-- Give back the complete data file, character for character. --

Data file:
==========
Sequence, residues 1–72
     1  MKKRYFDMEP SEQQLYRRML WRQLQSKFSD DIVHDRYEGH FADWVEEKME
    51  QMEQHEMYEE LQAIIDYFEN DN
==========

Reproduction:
Sequence, residues 1–72
     1  MKKRYFDMEP SEQQLYRRML WRQLQSKFSD DIVHDRYEGH FADWVEEKME
    51  QMEQHEMYEE LQAIIDYFEN DN